Big Franchising tries to minimize the public’s perceived risk of buying all franchises.

They:

  1. anchor their false legitimacy in “badges of authority” (FTC, banks, trade associations that claim to have a credible Code of Ethics or Ombuds program, justice system, toothless regulation and disclosure laws, government guaranteed loan programs, etc.),
  2. blame the fraud victims for their situation (ad hominem attacks),
  3. goes after military pensions by discounting worthless franchises (VetFran) and
  4. trot out the most blatant franchisee shills imaginable to hype foreign predatory systems.

Potential franchisees respond by buying higher risky offerings to satisfy their pre-existing tolerance for risks (see Target Risk: free online book by Gerald J. S. Wilde)

This is why franchising remains much, much riskier than independent businesses.

And getting riskier.

And without effective safeguards, franchising is Unsafe at any Brand.


So long you loser hosers.

November 12, 2009

AustralianFriendNot much time today, I’m afraid.

I’m busy putting my house in order.

I’ve applied for a job in Australia.

When the Holy Franchise Empire collapses:

  • which country will be the last to shatter like a crystal vase? (the Excited States of America)
  • which country will be second last? (Canuckistan)
  • the first?

My peers are setting a banquet here, here, here, here, and (especially) here.

Oh how I will enjoy the bugs…

I always thought an ombuds function would be quickly corrupted by the usual suspects.

Go figure: I was wrong once in my life 😉

Commonwealth means recognizing wealth as a common good, to some degree. My Dad always spoke very well of these people


A Safe place: If you build it, franchisees will come

September 29, 2009

FieldofDreamsSmart franchisees stay in the corn.

The pros only show up when the conditions are right for them to do perform their duty (ie. ask questions, reconcile, lead).

I think it takes about 1 year of a new franchisee group until it gains their trust (legitimacy, real not false hope).

The platform that invokes their appearance best is a Attorneyless Franchisee Network, AFN:

a group of current trademark franchisees whose goal is a relationship not a lawsuit;

patient, education focused, decentralized.

Shrewd franchisees will stay away if an attorney leads.

The safe space starts inside one person’ s head. It forms digitally, quickly transcending (not opposing) Big Franchising (see Adam Smith on commercial Conspiracies). The Tribe is formed when the venom is drawn out in a supportive, therapeutic/health-focused  environment.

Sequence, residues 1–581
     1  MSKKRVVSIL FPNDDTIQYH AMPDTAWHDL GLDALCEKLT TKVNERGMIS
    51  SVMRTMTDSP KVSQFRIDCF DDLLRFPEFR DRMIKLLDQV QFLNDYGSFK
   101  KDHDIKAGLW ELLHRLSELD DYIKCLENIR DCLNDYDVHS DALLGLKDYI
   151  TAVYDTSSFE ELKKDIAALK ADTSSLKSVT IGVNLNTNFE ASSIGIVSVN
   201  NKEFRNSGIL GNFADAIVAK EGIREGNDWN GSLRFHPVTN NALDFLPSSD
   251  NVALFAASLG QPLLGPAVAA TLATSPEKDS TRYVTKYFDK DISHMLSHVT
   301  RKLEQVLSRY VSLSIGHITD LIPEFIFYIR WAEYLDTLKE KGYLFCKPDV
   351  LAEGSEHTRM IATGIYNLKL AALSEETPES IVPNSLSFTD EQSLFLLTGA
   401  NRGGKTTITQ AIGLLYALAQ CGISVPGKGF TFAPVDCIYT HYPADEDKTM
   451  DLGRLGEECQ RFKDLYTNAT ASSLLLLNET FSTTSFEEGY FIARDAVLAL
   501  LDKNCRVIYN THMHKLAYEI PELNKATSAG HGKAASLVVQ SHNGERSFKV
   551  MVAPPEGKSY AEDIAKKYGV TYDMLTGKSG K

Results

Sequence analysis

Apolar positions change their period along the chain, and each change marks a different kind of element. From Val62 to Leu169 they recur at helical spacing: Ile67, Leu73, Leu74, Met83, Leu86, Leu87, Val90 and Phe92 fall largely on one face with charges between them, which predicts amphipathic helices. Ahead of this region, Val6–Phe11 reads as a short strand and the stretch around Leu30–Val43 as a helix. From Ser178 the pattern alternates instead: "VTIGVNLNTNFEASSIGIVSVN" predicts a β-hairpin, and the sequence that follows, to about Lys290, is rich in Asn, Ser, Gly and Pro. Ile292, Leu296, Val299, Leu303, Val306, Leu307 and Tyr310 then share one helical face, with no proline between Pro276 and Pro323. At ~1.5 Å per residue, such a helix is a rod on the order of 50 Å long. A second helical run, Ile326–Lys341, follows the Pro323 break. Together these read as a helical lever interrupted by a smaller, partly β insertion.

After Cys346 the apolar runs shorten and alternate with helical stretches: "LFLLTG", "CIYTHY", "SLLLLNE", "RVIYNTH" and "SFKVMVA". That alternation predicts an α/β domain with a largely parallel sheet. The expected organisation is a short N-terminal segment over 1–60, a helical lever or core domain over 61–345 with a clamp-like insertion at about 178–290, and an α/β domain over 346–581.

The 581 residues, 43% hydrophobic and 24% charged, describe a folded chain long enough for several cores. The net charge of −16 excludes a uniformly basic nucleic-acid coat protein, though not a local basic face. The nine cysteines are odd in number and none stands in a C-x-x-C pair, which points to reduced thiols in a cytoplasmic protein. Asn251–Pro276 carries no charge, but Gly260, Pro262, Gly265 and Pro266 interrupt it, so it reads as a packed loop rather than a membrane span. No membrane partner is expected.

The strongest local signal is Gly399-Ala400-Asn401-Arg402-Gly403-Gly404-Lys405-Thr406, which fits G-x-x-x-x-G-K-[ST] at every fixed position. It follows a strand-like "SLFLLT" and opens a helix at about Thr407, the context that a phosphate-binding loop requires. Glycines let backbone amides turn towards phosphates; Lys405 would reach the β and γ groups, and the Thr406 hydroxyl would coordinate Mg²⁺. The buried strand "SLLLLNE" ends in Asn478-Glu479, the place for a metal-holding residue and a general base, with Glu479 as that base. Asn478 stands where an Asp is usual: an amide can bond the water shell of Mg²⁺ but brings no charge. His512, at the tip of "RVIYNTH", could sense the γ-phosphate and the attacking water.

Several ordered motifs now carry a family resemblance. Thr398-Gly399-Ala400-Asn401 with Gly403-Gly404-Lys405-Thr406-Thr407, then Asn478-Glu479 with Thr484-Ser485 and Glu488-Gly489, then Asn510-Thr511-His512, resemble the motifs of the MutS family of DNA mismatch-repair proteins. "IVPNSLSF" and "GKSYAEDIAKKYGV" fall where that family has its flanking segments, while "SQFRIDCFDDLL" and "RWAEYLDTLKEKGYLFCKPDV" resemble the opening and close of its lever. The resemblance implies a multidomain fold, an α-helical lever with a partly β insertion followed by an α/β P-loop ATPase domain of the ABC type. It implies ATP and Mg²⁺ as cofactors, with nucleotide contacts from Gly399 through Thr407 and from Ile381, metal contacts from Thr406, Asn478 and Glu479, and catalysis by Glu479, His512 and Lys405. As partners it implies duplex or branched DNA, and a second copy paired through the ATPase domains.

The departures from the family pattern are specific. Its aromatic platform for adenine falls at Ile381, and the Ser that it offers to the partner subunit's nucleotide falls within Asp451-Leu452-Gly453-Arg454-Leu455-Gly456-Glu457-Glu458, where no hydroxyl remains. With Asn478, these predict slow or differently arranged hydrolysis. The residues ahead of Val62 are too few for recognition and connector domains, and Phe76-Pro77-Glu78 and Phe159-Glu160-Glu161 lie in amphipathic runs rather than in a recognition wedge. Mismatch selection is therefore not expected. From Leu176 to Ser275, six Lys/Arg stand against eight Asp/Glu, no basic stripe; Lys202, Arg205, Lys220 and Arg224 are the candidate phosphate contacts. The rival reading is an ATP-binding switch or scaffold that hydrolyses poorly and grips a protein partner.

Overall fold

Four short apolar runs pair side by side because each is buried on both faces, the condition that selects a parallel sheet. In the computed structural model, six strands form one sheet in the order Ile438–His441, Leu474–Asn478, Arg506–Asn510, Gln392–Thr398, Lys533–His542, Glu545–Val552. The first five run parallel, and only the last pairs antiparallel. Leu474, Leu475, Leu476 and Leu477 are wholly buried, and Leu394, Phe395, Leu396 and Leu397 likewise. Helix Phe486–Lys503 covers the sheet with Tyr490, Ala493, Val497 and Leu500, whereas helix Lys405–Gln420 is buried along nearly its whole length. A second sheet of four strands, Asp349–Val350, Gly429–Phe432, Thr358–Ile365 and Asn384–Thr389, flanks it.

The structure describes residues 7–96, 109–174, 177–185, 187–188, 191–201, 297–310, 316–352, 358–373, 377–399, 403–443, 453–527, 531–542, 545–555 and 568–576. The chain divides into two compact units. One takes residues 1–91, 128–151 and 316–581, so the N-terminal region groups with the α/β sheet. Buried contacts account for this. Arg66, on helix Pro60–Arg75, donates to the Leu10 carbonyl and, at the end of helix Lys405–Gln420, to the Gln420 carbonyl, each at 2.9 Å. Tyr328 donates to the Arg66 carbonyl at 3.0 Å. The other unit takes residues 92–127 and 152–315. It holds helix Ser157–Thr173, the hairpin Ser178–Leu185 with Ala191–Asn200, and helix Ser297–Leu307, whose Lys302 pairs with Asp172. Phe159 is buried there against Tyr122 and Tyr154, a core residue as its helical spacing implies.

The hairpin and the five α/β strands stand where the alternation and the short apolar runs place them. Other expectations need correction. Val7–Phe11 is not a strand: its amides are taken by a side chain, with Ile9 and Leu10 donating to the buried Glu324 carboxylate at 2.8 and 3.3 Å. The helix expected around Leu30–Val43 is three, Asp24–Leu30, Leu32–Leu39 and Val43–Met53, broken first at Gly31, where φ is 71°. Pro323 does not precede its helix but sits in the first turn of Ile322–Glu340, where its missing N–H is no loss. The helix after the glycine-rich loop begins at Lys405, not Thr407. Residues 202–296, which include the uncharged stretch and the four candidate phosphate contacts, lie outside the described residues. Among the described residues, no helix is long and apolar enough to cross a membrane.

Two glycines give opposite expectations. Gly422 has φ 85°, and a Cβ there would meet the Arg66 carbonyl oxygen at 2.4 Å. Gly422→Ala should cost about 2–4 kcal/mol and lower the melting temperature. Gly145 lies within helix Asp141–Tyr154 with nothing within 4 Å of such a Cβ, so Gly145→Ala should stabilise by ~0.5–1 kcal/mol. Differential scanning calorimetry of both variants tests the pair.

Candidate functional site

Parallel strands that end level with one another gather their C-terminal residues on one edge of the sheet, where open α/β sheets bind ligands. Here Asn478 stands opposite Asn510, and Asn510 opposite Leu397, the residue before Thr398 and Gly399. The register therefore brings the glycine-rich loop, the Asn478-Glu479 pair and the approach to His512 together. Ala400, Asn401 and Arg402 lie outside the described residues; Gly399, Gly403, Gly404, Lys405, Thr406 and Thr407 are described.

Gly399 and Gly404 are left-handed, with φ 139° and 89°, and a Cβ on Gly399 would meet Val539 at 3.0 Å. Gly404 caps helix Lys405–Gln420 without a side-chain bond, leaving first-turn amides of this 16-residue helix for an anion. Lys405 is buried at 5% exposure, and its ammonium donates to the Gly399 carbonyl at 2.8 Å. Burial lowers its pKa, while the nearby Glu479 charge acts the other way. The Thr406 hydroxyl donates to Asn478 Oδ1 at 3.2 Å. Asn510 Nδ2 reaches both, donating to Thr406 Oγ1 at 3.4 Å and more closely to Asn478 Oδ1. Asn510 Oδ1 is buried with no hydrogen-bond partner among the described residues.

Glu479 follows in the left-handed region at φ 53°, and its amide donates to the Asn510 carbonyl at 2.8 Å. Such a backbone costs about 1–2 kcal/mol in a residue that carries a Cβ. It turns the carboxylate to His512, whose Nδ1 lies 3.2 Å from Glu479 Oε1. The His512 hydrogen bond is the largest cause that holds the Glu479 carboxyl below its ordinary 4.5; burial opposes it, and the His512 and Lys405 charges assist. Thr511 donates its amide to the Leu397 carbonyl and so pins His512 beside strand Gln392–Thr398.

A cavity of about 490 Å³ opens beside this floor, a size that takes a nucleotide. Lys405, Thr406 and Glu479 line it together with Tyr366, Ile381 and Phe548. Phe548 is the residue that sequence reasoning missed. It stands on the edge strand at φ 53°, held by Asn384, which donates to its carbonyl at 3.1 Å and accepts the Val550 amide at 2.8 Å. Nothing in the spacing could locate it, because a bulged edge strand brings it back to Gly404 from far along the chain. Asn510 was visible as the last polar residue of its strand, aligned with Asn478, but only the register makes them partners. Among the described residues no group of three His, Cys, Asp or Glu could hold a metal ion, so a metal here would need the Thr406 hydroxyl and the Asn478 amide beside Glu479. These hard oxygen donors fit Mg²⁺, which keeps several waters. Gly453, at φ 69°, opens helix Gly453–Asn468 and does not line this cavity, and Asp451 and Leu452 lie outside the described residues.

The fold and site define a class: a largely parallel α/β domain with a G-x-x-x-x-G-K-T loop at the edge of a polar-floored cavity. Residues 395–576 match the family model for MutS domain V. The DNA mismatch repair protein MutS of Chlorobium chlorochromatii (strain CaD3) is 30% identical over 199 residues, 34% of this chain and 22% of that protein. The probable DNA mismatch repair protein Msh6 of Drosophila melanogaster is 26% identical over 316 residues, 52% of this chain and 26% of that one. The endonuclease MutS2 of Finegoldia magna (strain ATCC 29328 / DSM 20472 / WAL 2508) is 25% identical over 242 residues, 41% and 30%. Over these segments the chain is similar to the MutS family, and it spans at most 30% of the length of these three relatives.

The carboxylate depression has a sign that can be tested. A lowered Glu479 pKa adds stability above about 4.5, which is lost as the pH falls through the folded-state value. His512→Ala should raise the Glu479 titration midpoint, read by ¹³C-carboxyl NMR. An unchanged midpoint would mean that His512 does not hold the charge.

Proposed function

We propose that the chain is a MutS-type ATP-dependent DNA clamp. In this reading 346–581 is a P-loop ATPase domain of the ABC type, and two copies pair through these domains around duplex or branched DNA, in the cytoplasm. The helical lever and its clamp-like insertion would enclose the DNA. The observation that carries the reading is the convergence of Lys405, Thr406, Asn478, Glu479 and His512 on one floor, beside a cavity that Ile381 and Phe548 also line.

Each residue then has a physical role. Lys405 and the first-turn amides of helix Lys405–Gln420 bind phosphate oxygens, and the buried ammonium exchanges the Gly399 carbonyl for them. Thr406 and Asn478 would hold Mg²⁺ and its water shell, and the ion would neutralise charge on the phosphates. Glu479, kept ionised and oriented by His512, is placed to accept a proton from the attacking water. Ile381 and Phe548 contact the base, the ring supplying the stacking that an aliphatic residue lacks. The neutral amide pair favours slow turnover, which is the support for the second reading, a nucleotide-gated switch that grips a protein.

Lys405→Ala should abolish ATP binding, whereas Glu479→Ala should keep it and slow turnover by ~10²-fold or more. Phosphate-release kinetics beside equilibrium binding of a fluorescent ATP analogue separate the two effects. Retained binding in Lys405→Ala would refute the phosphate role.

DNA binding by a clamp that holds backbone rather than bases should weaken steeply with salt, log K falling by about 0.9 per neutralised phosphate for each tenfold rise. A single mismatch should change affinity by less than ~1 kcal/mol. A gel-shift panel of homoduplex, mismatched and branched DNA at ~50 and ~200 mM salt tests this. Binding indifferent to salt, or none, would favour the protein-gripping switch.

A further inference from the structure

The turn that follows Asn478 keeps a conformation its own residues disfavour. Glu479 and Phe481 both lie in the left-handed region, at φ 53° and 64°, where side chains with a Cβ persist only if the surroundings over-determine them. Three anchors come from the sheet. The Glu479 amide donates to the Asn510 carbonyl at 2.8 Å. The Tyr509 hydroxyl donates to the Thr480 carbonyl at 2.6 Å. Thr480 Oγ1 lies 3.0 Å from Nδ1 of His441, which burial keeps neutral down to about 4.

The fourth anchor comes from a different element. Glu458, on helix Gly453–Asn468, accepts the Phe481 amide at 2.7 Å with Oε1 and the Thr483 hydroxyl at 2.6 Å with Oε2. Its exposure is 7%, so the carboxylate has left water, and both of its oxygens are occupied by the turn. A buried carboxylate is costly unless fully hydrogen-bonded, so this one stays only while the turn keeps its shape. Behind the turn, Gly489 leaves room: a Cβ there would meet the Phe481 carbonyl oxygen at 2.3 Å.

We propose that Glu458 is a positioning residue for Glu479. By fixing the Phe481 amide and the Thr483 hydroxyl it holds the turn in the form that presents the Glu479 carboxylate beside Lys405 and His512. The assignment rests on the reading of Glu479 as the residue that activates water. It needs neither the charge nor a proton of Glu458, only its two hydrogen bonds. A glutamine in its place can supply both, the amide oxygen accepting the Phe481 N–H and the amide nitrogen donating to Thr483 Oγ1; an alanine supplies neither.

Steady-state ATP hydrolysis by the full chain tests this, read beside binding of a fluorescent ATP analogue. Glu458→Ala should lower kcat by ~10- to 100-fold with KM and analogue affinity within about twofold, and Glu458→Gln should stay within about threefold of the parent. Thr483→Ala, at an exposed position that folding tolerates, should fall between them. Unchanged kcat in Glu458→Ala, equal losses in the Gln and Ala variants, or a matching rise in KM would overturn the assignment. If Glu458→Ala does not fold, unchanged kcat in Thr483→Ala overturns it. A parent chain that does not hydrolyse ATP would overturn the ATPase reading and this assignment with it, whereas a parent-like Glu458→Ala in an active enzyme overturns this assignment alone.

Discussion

Doctors do not judge, they treat the dis-order, acknowledging the pain but administering the appropriate treatments. Leaders assume the patient is a little deranged, not because of their lack of worth as a human being but because of the hidden pathogen (predatory franchising).

It does take faith but when you see healing take place, my goodness: you’ll never forget it.


Health care reform “debate”: More industry Canada Goose-stepping

August 20, 2009

USFascism

Go ahead: Blame Canada

I’ve held off commenting on the current U.S. health care reform debate.

Until now.

This “debate” is structurally identical to what passes for communication in the franchise industry today.

Propaganda, pure and simple (biased influence)

Unmistakeably, evil if judged by historical wisdom authors. Still corrupting even to most docile sheeple.

Some of it bordering on Große Lüge (The Big Lie), analogous to Big Tobacco defense style, Nineteen Eighty-Four,  modern PR, corporatism…

I think today’s Toronto Star op ed is a good summary of how most Canadians I know feel about our system versus the U.S.’s. In Why I’d rather be sick here than in U.S., Bob Hepburn writes:

For weeks, Americans have been told that Canada pushes its sickest and weakest to the bottom of wait lists, that our health care is inferior, that it’s the government that decides who lives and who dies.

Despite these attacks, the reality is that the overall quality of health care experienced in Canada is far better than in the United States.

If you have any doubt, just ask yourself this simple question:

Would you rather be sick here or in the U. S.?

For me, the answer is obvious.